• Small business experts discuss techniques to develop good partnerships during a small business panel at AFCEA TechNet Augusta. Moderating was (r) Brian Moore of EWA Government Systems. Panelists were (l-r) Rufus Gates, U.S Army Mission and Installation Contracting Command; Col. Laurie Moe Buckhout, USA (Ret.), president and CEO, The Corvus Group; Roy Rucker Sr., CEO and founder, TRECIG LLC; and Dawn Ross, chief information officer, Grimmer Technology and Operations. Photo by Michael Carpenter
     Small business experts discuss techniques to develop good partnerships during a small business panel at AFCEA TechNet Augusta. Moderating was (r) Brian Moore of EWA Government Systems. Panelists were (l-r) Rufus Gates, U.S Army Mission and Installation Contracting Command; Col. Laurie Moe Buckhout, USA (Ret.), president and CEO, The Corvus Group; Roy Rucker Sr., CEO and founder, TRECIG LLC; and Dawn Ross, chief information officer, Grimmer Technology and Operations. Photo by Michael Carpenter

Partnerships Are Force Multipliers For Small Business

August 21, 2019
By Beverly M. Cooper


Relationships, reputation and good homework open doors to defense contracting opportunities.


Developing partnerships with diverse companies, especially to gain niche capabilities, is one of the ways small business can be competitive, even on prime contracts. But when small businesses do partner with multiple subcontractors, experts recommend certain steps, not only to protect the business but also to be seen in a positive light by acquisition officials.

Sharing their recommendations, a panel of small businesses and contracting officials came together at AFCEA TechNet Augusta to provide their advice on building and maintaining successful partnerships.

The first step before marketing yourself on a contact is to know your capabilities as they relate to the requirement, said Rufus Gates, small business specialist, U.S Army Mission and Installation Contracting Command, Fort Gordon. And before building your team, he added, know the areas where you need partners to complement you. “Pay attention to advance acquisition plans and then be sensitive to how they will fit your wheelhouse,” said Gates.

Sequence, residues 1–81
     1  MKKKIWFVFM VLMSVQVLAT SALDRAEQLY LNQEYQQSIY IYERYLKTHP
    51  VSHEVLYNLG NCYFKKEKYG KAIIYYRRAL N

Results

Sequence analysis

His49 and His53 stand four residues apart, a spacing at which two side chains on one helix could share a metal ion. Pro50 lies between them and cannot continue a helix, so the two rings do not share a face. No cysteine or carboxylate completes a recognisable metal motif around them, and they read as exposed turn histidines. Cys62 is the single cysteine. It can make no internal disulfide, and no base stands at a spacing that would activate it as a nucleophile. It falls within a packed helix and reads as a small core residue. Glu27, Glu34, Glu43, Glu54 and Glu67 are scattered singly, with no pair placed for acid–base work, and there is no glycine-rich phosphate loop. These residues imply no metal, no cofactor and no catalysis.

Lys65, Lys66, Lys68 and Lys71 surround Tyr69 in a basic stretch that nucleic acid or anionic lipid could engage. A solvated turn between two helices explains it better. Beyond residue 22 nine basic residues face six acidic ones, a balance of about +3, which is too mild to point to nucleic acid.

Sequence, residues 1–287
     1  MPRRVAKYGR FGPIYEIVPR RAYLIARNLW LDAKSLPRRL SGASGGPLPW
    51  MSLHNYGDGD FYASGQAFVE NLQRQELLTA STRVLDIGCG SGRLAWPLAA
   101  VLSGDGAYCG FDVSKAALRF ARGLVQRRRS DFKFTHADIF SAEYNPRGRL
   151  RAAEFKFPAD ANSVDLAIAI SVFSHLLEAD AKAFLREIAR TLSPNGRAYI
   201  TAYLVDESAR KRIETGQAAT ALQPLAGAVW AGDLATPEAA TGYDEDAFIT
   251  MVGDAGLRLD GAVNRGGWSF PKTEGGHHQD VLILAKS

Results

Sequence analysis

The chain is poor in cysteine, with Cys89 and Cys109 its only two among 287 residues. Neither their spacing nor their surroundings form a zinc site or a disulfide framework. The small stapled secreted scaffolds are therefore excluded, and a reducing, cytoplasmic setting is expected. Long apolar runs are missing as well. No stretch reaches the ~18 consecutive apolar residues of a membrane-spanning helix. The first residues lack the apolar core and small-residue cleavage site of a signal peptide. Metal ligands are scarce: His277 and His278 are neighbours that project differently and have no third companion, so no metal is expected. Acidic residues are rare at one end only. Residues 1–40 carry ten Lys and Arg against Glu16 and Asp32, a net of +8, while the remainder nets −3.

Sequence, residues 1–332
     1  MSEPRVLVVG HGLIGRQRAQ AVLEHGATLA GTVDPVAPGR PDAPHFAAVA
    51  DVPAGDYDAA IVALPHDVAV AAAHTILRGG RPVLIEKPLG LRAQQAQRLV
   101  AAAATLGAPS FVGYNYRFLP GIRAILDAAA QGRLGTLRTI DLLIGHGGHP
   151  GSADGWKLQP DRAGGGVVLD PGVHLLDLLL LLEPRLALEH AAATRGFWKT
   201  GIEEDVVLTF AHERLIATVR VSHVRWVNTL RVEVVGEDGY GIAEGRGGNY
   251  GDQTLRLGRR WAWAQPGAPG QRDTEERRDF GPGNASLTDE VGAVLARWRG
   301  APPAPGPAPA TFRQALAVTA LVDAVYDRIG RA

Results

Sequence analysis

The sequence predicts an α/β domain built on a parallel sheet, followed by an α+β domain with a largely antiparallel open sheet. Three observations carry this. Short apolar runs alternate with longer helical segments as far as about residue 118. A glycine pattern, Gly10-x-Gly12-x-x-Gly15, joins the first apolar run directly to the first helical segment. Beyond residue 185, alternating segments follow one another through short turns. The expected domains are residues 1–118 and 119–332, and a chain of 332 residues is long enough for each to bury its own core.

Before the contract award, prepare for the capabilities briefing with your team, and have a game plan “like a coach does before a football game,” Gates emphasized.  Make sure your subject matter experts for each area participate. “We want to know that all your team knows what they are talking about. Your proposal should mirror what you do during the briefing,” he added. The government wants to hear from the people who are going to do the work.

It is also important to archive the information if you respond, Gates advised. If you don’t win, you want to be ready to jump on something the next time. Keep the information because, in general, requirements change very little. The people who have been engaged in the past can step ahead this way.

In a post-award debrief, if you did not win, identify any aspect of your proposal where you were not found capable, and have your partners with you at the table. In addition, if you win, make sure the team shows up. If a change in your team occurs, you better have good justification. If there is going to be a substitute, they better have the same capability, he warned.